Mr. Shikhar Kaushal, Symbiosis Law School, Hyderabad
“An effective police system is the substratum on which the whole edifice of constitutional wills maintenance of law and order, detection of crime, and enforcement process of social legislation.”1 Police, the largest and the most important law enforcing agency, has, no doubt, a special responsibility for the protection of human rights. But its role as a protector of human rights takes a beating, when the protectors themselves are accused of violating them. It cannot be denied that the police in India do often function in an illegal manner.
Due to the low salary of the low ranking police officers, corruption is there among low ranking officers. The Indian government also has yet to recognize the immediate need to improve the working and living conditions of low-ranking police Political interference is also one of the reasons of police malicious acts... In 2006, the Supreme Court handed down a landmark decision, Prakash Singh and Others v. Union of India and Others2, that directed the central and state governments to enact new police laws to reduce political interference. Unfortunately, the central government and most state governments have either significantly or completely failed to implement the Court’s order.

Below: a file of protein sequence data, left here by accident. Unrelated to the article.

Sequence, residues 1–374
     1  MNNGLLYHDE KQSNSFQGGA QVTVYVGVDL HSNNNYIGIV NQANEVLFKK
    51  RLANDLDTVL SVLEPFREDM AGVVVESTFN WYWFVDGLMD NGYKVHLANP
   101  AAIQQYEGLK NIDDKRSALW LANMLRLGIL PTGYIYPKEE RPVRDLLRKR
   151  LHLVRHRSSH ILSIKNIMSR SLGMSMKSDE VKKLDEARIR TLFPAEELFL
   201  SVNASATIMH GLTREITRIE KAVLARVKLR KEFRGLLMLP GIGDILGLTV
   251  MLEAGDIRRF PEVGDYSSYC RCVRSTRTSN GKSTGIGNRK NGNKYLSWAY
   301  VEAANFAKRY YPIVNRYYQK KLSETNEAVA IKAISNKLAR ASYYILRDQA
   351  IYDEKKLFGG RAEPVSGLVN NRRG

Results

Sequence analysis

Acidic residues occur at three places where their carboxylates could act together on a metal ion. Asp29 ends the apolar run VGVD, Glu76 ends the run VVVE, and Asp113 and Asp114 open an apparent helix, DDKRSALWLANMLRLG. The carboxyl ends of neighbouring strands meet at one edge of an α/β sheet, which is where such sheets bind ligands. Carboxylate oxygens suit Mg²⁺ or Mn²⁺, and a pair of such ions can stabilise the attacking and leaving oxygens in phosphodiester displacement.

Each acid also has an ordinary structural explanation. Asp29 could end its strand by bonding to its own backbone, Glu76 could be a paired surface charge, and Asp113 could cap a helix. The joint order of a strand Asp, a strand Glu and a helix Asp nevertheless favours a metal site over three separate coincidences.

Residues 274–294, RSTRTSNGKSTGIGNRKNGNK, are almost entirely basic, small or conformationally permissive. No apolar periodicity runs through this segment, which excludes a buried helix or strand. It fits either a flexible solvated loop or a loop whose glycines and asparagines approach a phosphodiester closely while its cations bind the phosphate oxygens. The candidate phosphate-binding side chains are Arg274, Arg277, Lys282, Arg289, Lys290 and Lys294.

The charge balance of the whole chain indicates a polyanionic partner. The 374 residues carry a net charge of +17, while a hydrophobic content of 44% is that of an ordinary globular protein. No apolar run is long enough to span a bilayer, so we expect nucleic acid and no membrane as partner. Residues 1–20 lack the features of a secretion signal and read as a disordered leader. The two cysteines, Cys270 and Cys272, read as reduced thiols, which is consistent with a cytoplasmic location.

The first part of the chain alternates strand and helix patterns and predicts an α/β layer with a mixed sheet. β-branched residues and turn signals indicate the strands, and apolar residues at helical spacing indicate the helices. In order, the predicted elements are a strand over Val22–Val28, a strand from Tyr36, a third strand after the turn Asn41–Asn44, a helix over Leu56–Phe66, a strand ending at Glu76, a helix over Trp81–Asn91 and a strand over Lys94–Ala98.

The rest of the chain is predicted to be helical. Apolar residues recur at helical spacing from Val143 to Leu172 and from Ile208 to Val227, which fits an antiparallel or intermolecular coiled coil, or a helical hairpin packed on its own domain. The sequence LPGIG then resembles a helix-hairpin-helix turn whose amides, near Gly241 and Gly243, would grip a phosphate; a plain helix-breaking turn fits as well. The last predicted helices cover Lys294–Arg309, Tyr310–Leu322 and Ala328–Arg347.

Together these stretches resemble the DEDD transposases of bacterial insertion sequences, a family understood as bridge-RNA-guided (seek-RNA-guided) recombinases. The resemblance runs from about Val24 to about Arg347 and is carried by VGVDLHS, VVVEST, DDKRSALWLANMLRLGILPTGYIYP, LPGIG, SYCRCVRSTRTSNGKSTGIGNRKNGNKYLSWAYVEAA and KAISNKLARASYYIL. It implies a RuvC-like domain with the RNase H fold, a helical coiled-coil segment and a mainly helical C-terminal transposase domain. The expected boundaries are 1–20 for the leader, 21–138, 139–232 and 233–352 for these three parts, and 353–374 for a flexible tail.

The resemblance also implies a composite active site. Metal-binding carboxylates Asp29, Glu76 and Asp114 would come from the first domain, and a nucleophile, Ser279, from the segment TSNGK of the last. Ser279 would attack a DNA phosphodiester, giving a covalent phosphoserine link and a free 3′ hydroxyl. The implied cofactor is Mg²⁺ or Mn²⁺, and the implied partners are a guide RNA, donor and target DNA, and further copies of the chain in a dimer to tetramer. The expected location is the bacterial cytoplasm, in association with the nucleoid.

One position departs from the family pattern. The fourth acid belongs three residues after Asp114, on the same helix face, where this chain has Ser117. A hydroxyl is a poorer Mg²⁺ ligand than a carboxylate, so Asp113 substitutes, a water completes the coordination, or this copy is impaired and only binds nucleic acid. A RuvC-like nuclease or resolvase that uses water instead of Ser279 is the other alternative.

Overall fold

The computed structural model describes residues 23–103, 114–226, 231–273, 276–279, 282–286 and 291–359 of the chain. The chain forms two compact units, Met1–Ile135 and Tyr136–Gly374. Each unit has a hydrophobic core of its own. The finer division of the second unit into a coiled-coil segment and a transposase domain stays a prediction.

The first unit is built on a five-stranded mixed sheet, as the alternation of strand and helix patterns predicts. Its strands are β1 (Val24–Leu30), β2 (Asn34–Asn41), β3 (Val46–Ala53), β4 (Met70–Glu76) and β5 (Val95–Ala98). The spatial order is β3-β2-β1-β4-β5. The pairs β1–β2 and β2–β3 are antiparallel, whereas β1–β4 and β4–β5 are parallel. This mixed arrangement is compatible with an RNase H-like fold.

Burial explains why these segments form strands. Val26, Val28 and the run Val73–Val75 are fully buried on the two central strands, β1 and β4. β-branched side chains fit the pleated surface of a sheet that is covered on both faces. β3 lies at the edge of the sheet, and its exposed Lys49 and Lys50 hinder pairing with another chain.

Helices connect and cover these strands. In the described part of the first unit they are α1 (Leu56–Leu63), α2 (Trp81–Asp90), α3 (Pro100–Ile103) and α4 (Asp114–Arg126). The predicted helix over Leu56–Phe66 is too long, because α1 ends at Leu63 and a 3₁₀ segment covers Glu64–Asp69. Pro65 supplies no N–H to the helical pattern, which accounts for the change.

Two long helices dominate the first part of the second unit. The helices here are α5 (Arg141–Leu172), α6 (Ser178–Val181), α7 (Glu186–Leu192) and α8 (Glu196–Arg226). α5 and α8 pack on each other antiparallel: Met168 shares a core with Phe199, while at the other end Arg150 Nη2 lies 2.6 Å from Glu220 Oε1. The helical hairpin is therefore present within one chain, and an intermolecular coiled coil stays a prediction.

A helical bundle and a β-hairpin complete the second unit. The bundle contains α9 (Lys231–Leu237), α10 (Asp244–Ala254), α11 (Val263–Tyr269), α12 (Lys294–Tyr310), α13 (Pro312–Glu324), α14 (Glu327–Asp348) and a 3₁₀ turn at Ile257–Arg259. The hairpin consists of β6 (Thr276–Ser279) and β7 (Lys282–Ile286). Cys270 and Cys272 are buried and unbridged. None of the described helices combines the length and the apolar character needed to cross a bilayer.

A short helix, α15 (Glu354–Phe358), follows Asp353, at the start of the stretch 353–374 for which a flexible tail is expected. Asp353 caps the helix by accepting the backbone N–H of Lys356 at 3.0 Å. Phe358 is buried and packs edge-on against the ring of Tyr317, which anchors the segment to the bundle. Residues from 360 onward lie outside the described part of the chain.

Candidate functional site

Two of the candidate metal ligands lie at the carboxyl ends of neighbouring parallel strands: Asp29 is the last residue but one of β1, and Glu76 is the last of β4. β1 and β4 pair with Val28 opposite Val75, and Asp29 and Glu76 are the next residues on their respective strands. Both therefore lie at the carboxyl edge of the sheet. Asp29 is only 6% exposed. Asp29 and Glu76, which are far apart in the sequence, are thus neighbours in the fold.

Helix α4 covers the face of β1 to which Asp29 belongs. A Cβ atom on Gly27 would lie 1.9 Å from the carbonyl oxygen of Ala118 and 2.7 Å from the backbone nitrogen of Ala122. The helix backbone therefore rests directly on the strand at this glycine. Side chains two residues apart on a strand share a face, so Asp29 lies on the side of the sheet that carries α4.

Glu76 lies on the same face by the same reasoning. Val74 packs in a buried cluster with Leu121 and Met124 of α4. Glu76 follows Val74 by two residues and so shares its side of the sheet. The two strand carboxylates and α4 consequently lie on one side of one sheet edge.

In this paper, the author explores the option of whether a judicial remedy in the form of a cause of action against police officers in their individual capacity for violations of constitutional rights might enhance oversight conducted by the Police Complaint Authorities. The paper also ascertain whether there have been acts of omission and commission which have resulted in improper or defective investigation and whether such default and acts were deliberate, unintentional or resulted from unavoidable circumstances of a given case. The author through this paper also brings the cases in light where police have intentionally misused its powers to save the accused.
KEYWORDS: Police, officers, corruption, investigation, malpractice.